ELO 2017 - Call for Papers and Works

ELO’17 - Electronic Literature > Affiliations, Communities, Translations

Hosted by UFP - University Fernando Pessoa, Porto, Portugal, July 19 - 22, 2017

The ELO (Electronic Literature Organization) is pleased to announce its 2017 Conference and Festival, to be held from July 19-22. The Conference is hosted by University Fernando Pessoa, Porto, and the Festival and Exhibits will be held in the center of the historic city of Porto, Portugal.

Titled «Electronic Literature: Affiliations, Communities, Translations», the Conference and Festival welcome dialogues and untold histories of electronic literature, providing a space for discussion about what exchanges, negotiations, and movements we can track in the field of electronic literature. These three threads will weave through the conference, structuring dialogue, debate, performances, presentations, and exhibits. The threads are meant as provocations, enabling constraints, and aim at forming a diagram of electronic literature today and expanding awareness of the history and diversity of the field.

The goal of this International Conference is to contribute to displacing and re-situating accepted views and histories of electronic literature, in order to construct a larger and more expansive field, to map discontinuous textual relations across histories and forms, and to create productive and poetic apparatuses from unexpected combinations. Each of the three strands - Affiliations, Communities, Translations - is described in detail below. Participants can apply to the Conference and Festival by locating their work within a strand. In all cases, we are open to experimental proposals that integrate theory and practice, and proposals that challenge presentation formats.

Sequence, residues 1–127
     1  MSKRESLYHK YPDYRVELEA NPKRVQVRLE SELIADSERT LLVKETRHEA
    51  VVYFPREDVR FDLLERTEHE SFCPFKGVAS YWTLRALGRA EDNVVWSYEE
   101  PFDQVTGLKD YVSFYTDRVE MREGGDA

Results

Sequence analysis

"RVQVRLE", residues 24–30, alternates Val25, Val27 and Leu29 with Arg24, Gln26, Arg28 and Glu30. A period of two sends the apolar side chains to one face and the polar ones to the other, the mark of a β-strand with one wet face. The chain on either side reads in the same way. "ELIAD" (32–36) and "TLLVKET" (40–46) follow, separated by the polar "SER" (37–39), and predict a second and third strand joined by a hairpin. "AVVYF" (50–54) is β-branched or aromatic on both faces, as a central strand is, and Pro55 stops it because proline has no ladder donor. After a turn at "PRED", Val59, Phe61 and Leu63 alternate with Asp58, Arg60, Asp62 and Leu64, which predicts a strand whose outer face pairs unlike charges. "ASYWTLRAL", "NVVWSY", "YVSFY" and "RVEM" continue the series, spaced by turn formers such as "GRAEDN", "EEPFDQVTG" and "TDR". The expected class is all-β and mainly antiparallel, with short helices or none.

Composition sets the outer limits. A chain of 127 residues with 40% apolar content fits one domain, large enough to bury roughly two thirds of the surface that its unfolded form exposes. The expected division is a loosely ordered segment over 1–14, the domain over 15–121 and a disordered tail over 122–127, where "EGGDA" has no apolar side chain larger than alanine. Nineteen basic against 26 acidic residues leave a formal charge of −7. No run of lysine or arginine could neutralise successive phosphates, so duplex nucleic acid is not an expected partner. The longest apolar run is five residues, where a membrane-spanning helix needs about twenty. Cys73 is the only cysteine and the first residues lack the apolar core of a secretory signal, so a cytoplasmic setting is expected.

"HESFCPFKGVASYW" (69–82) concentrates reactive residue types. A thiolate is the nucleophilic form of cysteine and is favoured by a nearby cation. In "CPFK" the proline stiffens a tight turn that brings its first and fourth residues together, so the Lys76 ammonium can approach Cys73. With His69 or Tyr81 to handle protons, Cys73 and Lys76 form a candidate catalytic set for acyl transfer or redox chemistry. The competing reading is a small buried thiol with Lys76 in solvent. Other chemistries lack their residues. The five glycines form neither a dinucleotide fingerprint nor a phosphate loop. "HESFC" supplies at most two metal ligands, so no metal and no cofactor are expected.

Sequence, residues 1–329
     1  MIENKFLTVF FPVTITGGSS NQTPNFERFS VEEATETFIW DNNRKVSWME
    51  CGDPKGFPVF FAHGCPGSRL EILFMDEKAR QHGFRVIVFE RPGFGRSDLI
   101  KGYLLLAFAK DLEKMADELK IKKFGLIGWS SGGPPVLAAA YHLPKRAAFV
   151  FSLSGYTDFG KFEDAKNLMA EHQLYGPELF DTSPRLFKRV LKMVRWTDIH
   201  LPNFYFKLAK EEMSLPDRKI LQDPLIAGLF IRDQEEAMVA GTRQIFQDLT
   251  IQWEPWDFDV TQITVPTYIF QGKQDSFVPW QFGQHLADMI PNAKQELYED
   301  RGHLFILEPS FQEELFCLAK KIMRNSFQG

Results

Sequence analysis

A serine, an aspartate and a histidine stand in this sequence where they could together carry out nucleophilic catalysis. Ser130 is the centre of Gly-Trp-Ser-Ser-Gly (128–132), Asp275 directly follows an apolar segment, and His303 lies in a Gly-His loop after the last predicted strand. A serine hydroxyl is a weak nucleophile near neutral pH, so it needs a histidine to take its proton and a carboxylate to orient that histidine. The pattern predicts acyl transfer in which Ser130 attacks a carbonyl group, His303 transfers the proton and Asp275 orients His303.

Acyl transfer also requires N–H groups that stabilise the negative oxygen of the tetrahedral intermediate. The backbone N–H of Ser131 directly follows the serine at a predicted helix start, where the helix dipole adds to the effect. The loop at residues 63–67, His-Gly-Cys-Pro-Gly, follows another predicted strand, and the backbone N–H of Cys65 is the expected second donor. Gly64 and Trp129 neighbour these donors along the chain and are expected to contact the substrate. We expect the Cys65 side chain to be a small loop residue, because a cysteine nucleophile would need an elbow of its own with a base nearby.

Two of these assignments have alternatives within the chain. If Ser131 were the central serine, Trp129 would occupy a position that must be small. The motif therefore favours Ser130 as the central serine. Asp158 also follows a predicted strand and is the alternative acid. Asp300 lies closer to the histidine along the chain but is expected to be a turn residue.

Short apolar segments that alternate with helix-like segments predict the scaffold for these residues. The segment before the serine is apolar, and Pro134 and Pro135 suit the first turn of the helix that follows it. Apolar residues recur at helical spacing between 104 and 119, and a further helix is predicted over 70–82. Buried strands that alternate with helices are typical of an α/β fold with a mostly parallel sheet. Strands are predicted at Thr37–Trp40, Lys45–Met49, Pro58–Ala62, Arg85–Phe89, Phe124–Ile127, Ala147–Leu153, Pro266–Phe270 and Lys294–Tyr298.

The New Deadline for submission of Abstracts for Conference and Festival is December 22nd, 2016, using easychair (https://easychair.org/conferences/?conf=elo2017). Read Submission Guidelines.


Affiliations

Electronic literature is trans-temporal. It has an untold history.

Topics:

  • Multiple diachronic and genealogical perspectives on electronic literature, providing room for comparative studies;
  • Untold archeologies and commerces between electronic literature and other expressive and material practices;
  • Intermedia and ergodicity in Baroque poetry, futurism and dada; concretism, Videopoetry and Fluxus; Videoart and soundart; and how these expressive forms are recreated and transcoded in digital forms of literature;
  • Early experiments in generative and combinatory literature;
  • Performances mapping the aesthetic and material antecedents of electronic literature;
  • Attention to remixing/re-coding of previous materials from the avant-gardes.


Communities

Electronic literature is global. It creates a forum where subjects in the global network act out and struggle over their location and situation.

Topics:

  • Expanding our understanding of electronic literature communities and how literature is accounted for within diverse communities of practice;
  • Case studies of individual communities as well as broader engagement with how communities form and develop, and how they interact with and create affinities with other communities;
  • Comparative case studies:
    • Artists’ books;
    • Augmented and Virtual Reality;
    • Perl poetry;
    • Sound-video practitioners;
    • ASCII art and Net.Art;
    • Hacktivism/Activism;
    • Memes and Fan Fiction cultures;
    • Minecraft, Twine, Bots and Indie Gaming;
    • kids' e-lit;
  • How these practices are connected to electronic literature.
  • Performances engaging with the diversity of practices in electronic literature and affiliated communities, as well as their critical awareness of network aesthetics.


Translations

Electronic literature is an exchange between language and code. It contains many voices.

Topics:

  • Electronic literature as translation in the broadest possible sense;
  • Beyond interlinguistic translation: emulations, virtualizations, re-readings, and interpretations;
  • Limits and specifics of the programmability of natural languages as a means of literary expression;
  • Plagiotropy;
  • Linguistic, intermedial and intersemiotic translation;
  • Code and text translation;
  • Generative literature and emulations of historic electronic literature;
  • Re-readings and interpretations of previous works;
  • How these activities expand our understanding of literature and textuality;
  • Performances addressing linguistic reflexivity and their engagement with translation, broadly understood, i.e., as a transcoding mechanism involving exchange in and across media, languages and cultures.

See also: